In the words of Apple co-founder Steve Jobs, “great things in business are never done by one person, they are done by a team of people.” He’s right. Teams are at the heart of all high performing organizations.
That’s true for small businesses, large corporations, non-profits, government organizations, and everything in between. No matter how much talent, hard work, and determination individuals can offer, teamwork is required to achieve results.
If you’re a business owner or leader at any level, you probably rely on one or more teams every single day. Whether you are talking about leadership teams, functional teams, project teams, or any other kind, the challenge is the same - you need your teams to work effectively and produce results if you are going to be successful.
“Teamwork is the fuel that allows common people to attain uncommon results.” Andrew Carnegie
This raises some interesting questions. If teams are essential to success, why do so many leaders and organizations spend little to no time working on them? Why do they leave team development to chance? Why do they allow poorly performing teams to languish?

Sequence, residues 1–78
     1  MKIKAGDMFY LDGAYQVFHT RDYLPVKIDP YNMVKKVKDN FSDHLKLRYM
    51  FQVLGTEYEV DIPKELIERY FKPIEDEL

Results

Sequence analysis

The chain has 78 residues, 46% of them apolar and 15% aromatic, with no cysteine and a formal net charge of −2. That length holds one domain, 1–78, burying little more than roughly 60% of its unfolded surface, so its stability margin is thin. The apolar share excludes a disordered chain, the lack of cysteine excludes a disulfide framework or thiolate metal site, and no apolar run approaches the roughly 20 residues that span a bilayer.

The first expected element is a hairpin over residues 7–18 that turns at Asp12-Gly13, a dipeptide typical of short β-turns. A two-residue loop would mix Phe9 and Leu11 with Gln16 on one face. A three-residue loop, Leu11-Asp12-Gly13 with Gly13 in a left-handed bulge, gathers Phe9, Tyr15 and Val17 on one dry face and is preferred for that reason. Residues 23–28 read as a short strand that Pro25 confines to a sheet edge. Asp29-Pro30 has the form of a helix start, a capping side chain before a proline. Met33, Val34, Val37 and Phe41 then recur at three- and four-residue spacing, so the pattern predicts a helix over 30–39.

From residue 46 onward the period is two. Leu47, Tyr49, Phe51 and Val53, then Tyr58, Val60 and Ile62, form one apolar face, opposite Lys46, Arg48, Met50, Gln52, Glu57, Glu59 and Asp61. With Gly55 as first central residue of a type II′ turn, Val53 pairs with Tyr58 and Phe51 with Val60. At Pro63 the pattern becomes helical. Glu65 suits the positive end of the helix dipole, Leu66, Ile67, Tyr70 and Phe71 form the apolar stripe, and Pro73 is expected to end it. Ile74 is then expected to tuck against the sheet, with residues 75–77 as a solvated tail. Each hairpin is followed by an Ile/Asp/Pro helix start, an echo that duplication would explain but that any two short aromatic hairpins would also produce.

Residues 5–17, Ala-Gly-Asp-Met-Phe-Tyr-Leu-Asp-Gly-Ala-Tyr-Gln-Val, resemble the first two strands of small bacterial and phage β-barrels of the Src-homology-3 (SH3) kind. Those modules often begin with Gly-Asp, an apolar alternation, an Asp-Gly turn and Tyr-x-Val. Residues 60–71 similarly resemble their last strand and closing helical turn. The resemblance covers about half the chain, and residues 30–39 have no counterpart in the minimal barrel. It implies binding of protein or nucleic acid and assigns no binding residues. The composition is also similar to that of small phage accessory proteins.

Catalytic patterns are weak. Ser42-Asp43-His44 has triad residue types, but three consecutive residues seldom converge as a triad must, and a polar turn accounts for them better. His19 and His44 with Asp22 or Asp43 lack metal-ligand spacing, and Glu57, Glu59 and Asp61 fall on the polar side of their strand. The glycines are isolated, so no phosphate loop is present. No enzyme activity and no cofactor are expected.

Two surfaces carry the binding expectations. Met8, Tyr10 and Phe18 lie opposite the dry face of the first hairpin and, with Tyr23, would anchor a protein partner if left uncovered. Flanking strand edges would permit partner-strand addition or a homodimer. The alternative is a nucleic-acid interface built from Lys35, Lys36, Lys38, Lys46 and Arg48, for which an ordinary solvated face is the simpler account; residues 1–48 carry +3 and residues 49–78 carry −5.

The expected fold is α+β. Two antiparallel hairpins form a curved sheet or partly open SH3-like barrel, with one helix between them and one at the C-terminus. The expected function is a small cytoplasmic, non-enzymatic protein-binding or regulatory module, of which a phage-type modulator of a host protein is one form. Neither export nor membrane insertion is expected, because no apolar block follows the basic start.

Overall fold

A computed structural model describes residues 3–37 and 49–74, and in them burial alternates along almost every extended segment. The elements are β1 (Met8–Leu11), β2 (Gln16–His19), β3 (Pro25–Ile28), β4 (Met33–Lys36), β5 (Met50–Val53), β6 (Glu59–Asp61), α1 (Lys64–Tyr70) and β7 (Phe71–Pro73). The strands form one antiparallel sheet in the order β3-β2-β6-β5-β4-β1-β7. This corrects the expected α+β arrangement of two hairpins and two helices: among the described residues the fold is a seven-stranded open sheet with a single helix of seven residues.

Often, leaders simply take for granted the power of high performing teams and they underestimate the consequences poor performing teams. Spending time creating and developing teams doesn’t feel like “work.” It sounds like a nice idea, not a direct way to solve a problem (more on this below).
Yet in many cases, nothing is more impactful for a business or organization than investing in building winning teams. As a matter of fact, fixing your teams should be an urgent priority. As you reflect on your teams and consider if you are getting the most out of them, keep these three things in mind:
- High performing teams -- those that align to a shared vision, draw on strengths, and get the job done, even in spite of organizational, interpersonal, and technical challenges -- don’t happen by accident.
- “Sick” teams -- those that have low productivity, divergent goals, poor morale, and destructive infighting -- don’t get better without treatment.
- World-class leaders take action to create and sustain great teams.